I had nearly forgotten where the local shelter was; it was a good thing Sam was with me. We drove my pickup and there wasn't much room in the cab for a dog, but I only wanted a small one and Sam volunteered her lap.
She ended up volunteering a lot more than that. Some staff recognized her, so we bypassed the waiting room where a receptionist tried to talk me into taking the one-eyed Pug keeping her company. He was little and sweet and the eye didn't bother me. I had a one-eyed horse, too. But my mother had instilled in me a prejudice against male dogs, which she assured me would pee in your house NO MATTER WHAT. Fred had immortalized himself on my furniture, my saddle, even the slatted wicker clothes hamper and all its contents. Anything that could lift a leg was out.
That narrowed the field. There were young puppies, but I dreaded housebreaking. I liked to sleep. I hadn't slept through a night for years while Dave was sick.
A few dogs refused to engage with us, but most came straight to the front of their pens, paws and noses pressing the diamond-shaped cyclone mesh. "Take me, take me!" their eyes begged. The shelter was well run and clean. But it was a typical November day, sullen and cold. Chill permeated every inch of a concrete and wire environment where doors opened onto outer kennel runs and a stiff breeze wafted in with every trip made by every dog. It was freezing and smelled of disinfectant and the din of all those dogs never ceased as they bid frantically for attention--anyone's...anything to get them out into the world again. They were prisoners who had committed no crime.
Most were pit bulls and I just shook my head.
"What about a mix?" Sam asked. "Some of them aren't pure pit."
"I don't know," I said dubiously. "That blood predominates."
Everywhere I looked, I saw the broad foreheads, wideset eyes and powerful jaws of fighting dogs. All of these dogs had been tested for temperament, but that breed is nothing for the faint-hearted to take on. Of course, I wasn't faint-hearted. I was used to wrestling with twelve-hundred-pound horses.
"Let's keep looking," I said.
Halfway down the first side, a young brindle bitch came to greet us. She stood up against the wire with such grace and dainty forefeet that I knew at once she was a pit mix. She had the face, but much thinner. Thin was the operative word for that dog. She was nothing but ribs and protruding vertebrae.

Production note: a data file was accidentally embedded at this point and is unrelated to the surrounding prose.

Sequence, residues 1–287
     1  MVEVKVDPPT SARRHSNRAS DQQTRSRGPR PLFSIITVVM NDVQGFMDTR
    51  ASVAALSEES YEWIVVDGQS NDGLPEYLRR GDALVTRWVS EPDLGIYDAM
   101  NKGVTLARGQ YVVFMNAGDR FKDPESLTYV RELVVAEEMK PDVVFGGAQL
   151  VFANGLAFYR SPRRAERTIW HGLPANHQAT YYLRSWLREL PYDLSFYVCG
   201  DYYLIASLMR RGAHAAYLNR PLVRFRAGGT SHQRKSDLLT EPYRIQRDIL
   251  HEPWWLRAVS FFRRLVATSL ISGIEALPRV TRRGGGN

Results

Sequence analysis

"I'm a stray," read the placard on her pen. That explained her condition, but--God!--she was sweet. There were white patches like little eyes on the backs of her paws; they twinkled as she moved, like a light show. And her walk! I had never seen anything like it. Accustomed to watching the movement of horses, I saw at once that she didn't walk in a four-beat gait, but in a lateral movement like a pacer.
"What the heck is she?" I asked Sam. "Part hound?" She just shrugged while the little bitch tried to inhale her fingers. The poor thing had a sizeable wart right in the middle of her forehead and fell right on it, overbalancing when she tried to follow us past the corner of her pen. I could feel her eyes boring into my back as we left.
I checked every pen: every one, both sides, all occupants. When we got to the last one, I turned. Sam was watching me, trying hard not to laugh.
"That one," I said, pointing back at the brindle.
She just smirked. "Oh, yeah."
They had a "get-acquainted room" at the shelter and I asked that they put a cat in there. I had two old, defenseless cats, after all.
"Oh, she won't bother them," the young kennel technician leading in my prospective dog assured us. "Dancer is a sweetheart." The shelter had a policy of naming every animal and it was easy to see how Dancer had earned her sobriquet. She greeted every human with her forepaws, conveniently offered at waist level without any jumping. She touched you like a feather and she had misty, melting eyes and the cutest streak of white from chin to chest. It showed to full advantage in the greeting position.
Still, I wanted to see if she ate the cat.